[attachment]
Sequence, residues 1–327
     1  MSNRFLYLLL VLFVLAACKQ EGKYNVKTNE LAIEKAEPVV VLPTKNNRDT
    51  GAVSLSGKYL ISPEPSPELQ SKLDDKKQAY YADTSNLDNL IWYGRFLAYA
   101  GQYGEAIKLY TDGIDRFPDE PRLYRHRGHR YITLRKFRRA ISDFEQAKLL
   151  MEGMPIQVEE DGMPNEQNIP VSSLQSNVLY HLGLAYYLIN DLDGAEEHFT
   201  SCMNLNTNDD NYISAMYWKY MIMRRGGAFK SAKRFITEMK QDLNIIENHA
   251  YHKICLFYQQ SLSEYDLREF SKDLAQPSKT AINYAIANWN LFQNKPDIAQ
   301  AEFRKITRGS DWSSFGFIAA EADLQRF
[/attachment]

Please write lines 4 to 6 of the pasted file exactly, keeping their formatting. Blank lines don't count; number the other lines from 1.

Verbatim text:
   101  GQYGEAIKLY TDGIDRFPDE PRLYRHRGHR YITLRKFRRA ISDFEQAKLL
   151  MEGMPIQVEE DGMPNEQNIP VSSLQSNVLY HLGLAYYLIN DLDGAEEHFT
   201  SCMNLNTNDD NYISAMYWKY MIMRRGGAFK SAKRFITEMK QDLNIIENHA